JAN Creamer of the National Anti-Vivisection Society is very loud in attacking medical research (Citizen,letters, July 1).

But she is quiet when it comes to telling us what we should use instead of animals to give hope to people with serious illnesses.

We would be interested to hear how she plans to replicate a beating heart, blood system, breathing lungs, central nervous system and the way these function together.

These are just some of the necessities required by medical researchers.

My own ambition is to see a cure or treatment for a rare progressive genetic disorder called Friedreichs ataxia (FA), which appears in early child-hood and confines innocent children to life in a wheelchair.

Of course no-one wants to see animals used in medical research and this is why they are only used where no alternative exists. But alleviating human suffering comes first and, if it were your child's health on the line, you'd feel the same.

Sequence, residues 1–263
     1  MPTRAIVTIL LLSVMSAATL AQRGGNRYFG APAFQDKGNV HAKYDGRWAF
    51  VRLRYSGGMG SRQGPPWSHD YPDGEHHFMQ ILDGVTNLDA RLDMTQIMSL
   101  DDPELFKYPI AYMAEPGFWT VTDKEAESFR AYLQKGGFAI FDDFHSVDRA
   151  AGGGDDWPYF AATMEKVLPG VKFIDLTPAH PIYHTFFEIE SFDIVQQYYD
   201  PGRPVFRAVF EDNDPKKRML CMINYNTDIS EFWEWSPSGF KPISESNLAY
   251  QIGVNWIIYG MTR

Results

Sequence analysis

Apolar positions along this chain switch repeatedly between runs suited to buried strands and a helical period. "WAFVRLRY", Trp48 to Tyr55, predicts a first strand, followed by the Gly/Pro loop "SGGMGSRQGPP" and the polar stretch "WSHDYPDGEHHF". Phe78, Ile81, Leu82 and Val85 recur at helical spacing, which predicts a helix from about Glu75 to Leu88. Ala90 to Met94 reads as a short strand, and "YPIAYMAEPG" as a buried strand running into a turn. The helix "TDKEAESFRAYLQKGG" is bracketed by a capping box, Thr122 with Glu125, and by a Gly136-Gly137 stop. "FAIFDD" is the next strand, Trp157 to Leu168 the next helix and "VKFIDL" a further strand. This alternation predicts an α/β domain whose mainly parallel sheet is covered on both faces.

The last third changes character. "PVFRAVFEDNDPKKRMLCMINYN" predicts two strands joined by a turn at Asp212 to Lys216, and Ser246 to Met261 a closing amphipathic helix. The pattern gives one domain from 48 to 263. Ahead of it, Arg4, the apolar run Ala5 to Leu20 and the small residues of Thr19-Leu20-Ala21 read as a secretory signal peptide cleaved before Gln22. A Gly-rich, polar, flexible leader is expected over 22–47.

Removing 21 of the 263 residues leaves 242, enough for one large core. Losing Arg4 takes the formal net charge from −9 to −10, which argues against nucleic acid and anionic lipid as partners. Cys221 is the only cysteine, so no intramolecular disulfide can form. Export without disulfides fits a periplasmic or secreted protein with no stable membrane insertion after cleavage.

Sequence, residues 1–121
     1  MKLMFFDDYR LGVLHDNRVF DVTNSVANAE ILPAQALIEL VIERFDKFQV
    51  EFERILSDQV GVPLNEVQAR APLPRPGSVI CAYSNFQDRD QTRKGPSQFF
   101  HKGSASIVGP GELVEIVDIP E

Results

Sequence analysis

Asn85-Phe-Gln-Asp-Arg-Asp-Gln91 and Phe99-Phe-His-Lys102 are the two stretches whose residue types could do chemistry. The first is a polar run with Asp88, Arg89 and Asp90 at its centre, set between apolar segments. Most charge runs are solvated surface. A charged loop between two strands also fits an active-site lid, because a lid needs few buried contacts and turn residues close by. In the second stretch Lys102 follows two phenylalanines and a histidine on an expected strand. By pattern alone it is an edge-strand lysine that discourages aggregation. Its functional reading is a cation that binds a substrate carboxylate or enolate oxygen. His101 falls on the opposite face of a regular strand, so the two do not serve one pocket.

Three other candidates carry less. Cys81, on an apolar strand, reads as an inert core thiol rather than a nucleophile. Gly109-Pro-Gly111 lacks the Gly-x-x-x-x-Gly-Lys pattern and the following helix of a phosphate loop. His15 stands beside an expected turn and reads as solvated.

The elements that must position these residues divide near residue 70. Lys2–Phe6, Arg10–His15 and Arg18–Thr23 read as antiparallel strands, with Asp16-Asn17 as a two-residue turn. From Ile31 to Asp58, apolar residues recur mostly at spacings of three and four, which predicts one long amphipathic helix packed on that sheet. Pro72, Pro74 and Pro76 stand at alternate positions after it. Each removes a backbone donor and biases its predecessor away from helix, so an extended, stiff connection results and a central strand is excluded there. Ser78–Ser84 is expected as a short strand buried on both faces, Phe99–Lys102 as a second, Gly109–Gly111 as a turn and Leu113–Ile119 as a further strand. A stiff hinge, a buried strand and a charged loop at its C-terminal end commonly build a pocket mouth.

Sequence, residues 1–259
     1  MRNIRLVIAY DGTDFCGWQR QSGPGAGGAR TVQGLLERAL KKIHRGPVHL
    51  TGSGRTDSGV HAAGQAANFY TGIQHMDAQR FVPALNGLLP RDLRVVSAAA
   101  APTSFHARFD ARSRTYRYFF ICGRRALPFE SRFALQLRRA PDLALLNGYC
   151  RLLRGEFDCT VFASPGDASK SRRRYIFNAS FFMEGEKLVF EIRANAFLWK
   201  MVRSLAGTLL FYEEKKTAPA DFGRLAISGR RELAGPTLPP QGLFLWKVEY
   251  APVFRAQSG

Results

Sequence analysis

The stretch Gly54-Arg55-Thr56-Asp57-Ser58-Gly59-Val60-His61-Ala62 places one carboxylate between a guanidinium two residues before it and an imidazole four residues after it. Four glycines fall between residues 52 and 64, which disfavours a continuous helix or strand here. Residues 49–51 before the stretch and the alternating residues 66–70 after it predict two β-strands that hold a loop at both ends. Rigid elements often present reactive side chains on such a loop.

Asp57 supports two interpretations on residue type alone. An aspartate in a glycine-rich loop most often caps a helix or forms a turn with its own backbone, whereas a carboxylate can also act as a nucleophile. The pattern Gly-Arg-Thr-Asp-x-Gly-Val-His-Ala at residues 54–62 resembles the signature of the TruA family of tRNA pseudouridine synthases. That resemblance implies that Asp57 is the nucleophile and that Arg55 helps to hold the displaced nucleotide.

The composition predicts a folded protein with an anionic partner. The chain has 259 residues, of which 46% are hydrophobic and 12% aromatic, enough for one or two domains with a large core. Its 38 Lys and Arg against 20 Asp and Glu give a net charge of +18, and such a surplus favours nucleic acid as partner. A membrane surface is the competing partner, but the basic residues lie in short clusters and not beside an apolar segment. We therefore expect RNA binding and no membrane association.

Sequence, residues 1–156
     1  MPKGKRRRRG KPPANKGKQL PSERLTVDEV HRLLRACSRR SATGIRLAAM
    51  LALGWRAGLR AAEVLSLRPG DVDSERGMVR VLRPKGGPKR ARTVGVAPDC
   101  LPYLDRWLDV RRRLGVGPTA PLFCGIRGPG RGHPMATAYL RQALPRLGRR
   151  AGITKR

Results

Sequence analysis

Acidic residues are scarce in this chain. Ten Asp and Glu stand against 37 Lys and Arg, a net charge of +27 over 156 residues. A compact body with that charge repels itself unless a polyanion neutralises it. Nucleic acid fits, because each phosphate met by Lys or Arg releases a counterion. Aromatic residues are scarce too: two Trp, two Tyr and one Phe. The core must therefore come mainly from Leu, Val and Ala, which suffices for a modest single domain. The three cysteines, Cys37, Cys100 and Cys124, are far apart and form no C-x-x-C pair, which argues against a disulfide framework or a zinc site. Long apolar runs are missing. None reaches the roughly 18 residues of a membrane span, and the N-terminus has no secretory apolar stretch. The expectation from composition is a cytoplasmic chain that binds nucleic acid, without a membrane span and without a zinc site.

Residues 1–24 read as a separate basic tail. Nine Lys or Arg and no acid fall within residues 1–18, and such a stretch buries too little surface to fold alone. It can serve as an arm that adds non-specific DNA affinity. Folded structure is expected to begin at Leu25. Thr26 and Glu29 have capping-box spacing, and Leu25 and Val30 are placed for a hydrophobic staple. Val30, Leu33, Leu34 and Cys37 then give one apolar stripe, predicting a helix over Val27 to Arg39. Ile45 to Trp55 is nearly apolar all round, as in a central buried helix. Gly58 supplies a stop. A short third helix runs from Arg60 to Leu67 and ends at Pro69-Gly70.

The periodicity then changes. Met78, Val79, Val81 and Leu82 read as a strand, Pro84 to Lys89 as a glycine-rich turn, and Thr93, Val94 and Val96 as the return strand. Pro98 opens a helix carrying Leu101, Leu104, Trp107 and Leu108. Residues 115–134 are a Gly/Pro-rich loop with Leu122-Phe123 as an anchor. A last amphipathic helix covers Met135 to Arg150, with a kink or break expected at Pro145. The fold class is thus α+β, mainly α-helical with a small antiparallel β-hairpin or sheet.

It's also interesting that anti-vivisection groups don't even support the use of animals in veterinary medicine, yet every time we give our pet medication it is benefiting from animal testing. So completely opposing animal research is actually detrimental to animal welfare too.

Seriously Ill for Medical Research (SIMR) is a patients' group which supports the use of animals and genetic technology where necessary in medical research. For further information please write to SIMR,PO Box 504, Dunstable, Bedfordshire, LU5 5WS. www.simr.org.uk Thomas Bromley, SIMR.